Every four years, the world comes together in what is arguably the most celebrated international sporting tournament, the FIFA World Cup. The event features many of the greatest players in soccer, many of whom have come from Brazil, where next year's competition is set to be. Yet, despite soccer's immense popularity in Brazil, many Brazilians are not looking forward to playing host to the world.
It seems surprising to find this kind of opposition in the country that gave us soccer greats such as Pele, Ronaldo, and Ronaldinho. Regardless, people have questioned Brazil's current ability to do the job, and whether the tournament is at all beneficial for their economy. The costly expenses associated with the tournament, security issues, and FIFA's other problematic hosting choices all work in favor of the Brazilian protesters' arguments that next year's World Cup could do them more harm than good. FIFA, however, don't seem to agree.
Although the World Cup is an expensive burden to bear, why would Brazilians want to discourage foreigners from going to Brazil and spending money in its growing economy? While Brazil’s been identified as an economic power on the rise, this has also coincided with recent concerns over where money’s been spent in recent years. You could argue that the South American country has been long overdue for the recent protests targeting the increasing cost of living, and funds being directed to the tournament rather than nationwide areas of concern, including health care and education. Another cause for worry is that much of the tournament’s revenue will reach FIFA’s hands rather than be redirected to Brazil. The uproar over the costs of the World Cup can’t be described as unexpected, as previous countries to host the tournament have done the same. The FIFA World Cup in South Africa just three years ago caused similar reactions.
Between the monetary concerns, protests, and latest acts of violence in soccer, there are also potential complications having to do with security. Recently, a referee stabbed a player during a game in São Paulo, and was later stoned to death and decapitated by angry spectators. That’s not the only recent death. Protesters are dying, too, and much of this is happening around stadiums. There’s also distress over the staggering number of homicides and crimes that generally occur in Brazil. The favelas of Brazil are a main point of interest, particularly as some of the tournament’s stadiums are situated near them. Due to the need for expansion of infrastructure in these neighborhoods, thousands of people have been forced to evacuate their homes. This undoubtedly poses a problem for Brazilians and non-Brazilians alike, as it brings up the question of whether these areas will be safe enough to linger in.
The sport’s organizing body has also had its fair share of controversy in recent years. From regionally alienating rules — including banning Iran from competing due to headscarves — to these hosting decisions, things haven’t been running smoothly for a while. In recent years, England was denied its application to host the tournament in 2018, with the honor going to Russia. Although the decision appeared to be one of mere preference, it’s hard to deny an obvious truth: England already has all of its facilities up and running, meaning it would have been an effective choice. The appointment led to lots of anger and resentment from English supporters, and only furthered the already-rocky relationship between FIFA and the English Football Association. The decision to assign Qatar with the World Cup in 2022 has also been a matter of controversy. The choice to have the small but well-off country play host to the world has been criticized from the very beginning, with there being concerns over Qatar's summer heat and many suggesting that Qatar “bought” the tournament. Whether or not money played a role in Qatar’s win, at least the country has the means to deal with the immense pressures brought on by the World Cup. Not all potential hosts are currently equipped to handle the ridiculously high expectations that come with the responsibility. As such, the requirements to host shouldn’t be taken lightly, yet they continue to be optimistically dismissed until it’s a little too late to abandon ship. This inevitably causes problems that are usually attributed to the country in question, but should be attributed to FIFA’s decisions and willingness to overlook deeply embedded problems that can’t be fixed in 10 years.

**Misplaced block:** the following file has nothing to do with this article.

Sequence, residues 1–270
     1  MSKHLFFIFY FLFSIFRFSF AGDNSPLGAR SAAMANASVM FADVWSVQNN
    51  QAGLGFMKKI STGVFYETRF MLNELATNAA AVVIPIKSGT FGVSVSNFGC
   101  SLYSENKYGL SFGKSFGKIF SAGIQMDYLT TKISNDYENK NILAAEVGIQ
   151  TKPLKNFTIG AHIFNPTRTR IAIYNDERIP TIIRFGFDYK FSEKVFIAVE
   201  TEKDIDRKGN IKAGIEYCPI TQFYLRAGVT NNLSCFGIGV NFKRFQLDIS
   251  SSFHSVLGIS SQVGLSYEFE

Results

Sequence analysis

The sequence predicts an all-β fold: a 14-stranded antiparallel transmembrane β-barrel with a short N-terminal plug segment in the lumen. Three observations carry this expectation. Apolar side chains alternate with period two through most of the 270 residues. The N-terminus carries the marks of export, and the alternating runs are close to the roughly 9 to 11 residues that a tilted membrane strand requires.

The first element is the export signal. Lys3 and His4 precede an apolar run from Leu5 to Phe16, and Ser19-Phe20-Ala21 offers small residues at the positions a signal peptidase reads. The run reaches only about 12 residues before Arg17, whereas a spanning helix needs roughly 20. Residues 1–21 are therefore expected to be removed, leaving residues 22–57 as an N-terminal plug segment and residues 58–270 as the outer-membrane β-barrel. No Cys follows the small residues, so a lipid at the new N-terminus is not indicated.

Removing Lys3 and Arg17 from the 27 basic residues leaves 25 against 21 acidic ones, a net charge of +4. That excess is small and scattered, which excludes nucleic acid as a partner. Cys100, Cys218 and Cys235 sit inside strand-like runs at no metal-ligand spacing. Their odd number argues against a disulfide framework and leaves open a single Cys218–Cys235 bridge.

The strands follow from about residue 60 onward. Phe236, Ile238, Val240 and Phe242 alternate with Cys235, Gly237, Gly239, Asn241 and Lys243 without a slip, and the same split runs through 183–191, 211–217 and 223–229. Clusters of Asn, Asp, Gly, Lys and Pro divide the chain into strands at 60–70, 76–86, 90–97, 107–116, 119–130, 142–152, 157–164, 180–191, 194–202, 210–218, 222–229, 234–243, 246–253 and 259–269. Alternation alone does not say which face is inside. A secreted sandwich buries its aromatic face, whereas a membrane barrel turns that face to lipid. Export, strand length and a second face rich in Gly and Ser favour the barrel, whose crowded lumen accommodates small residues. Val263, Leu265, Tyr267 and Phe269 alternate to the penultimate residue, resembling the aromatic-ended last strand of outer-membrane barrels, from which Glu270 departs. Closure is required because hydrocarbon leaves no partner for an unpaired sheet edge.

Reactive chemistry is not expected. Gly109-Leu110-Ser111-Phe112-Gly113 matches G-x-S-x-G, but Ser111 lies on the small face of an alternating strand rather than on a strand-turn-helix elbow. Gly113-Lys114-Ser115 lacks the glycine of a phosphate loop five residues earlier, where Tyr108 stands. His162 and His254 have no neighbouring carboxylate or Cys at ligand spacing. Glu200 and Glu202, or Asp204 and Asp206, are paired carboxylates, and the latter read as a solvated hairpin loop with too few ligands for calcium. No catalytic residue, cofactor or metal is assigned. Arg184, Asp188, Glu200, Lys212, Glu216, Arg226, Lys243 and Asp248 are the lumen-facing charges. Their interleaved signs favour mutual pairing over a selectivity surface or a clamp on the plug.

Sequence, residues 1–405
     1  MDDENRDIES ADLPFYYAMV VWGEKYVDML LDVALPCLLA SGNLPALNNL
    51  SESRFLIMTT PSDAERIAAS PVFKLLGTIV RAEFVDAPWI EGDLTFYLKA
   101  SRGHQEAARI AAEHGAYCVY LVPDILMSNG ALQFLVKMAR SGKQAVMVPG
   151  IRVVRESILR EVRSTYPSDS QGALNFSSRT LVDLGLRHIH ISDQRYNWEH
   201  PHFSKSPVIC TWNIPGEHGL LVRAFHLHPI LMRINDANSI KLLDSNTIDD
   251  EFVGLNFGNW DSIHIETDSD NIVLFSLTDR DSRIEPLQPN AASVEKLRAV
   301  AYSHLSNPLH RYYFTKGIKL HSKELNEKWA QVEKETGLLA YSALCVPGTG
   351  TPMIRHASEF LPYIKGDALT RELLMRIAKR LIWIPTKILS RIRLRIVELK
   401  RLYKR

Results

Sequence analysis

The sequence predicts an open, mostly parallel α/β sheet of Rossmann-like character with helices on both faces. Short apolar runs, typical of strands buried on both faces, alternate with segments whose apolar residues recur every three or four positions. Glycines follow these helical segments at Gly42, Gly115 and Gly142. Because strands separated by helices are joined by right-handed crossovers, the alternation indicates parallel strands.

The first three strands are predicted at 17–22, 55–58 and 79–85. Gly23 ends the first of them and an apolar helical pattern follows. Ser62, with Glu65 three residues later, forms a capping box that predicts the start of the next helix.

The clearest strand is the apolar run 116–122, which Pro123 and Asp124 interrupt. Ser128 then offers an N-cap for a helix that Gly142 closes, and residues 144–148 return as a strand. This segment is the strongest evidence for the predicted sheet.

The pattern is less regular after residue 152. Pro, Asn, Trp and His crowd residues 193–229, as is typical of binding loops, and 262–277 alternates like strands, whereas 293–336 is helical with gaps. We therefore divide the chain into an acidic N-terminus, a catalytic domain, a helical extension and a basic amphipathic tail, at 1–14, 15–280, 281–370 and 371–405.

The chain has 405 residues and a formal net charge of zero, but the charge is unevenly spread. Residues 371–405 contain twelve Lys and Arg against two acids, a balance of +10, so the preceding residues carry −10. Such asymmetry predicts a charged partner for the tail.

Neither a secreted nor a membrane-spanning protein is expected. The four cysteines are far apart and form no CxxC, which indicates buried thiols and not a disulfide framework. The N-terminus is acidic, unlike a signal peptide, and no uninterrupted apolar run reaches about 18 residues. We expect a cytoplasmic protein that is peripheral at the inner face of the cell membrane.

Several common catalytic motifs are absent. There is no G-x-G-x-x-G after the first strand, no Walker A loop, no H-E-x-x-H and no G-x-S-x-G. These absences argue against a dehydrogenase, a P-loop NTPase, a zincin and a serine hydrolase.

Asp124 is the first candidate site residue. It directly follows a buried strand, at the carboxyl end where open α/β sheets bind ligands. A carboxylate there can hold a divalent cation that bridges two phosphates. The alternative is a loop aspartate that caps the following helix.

While South Africa successfully hosted the most recent World Cup in 2010, there’s no guarantee that Brazil can replicate this next year. FIFA's latest admittance that Brazil may have been the wrong choice for the tournament doesn't really acknowledge any of its own responsibility in the matter, nor any understanding behind the main reasons for Brazil's unrest. Despite that, Brazilians are still concerned about the state's funds, as well as security. FIFA's previous decisions regarding hosts have also done little to prove that they're adept at assessing whether a country can, or should, be in charge of the competition at that time. As a lifelong fan of the beautiful game, it makes me wonder if FIFA purposely seeks out trouble. After all, to the attention seeking, any press is good press.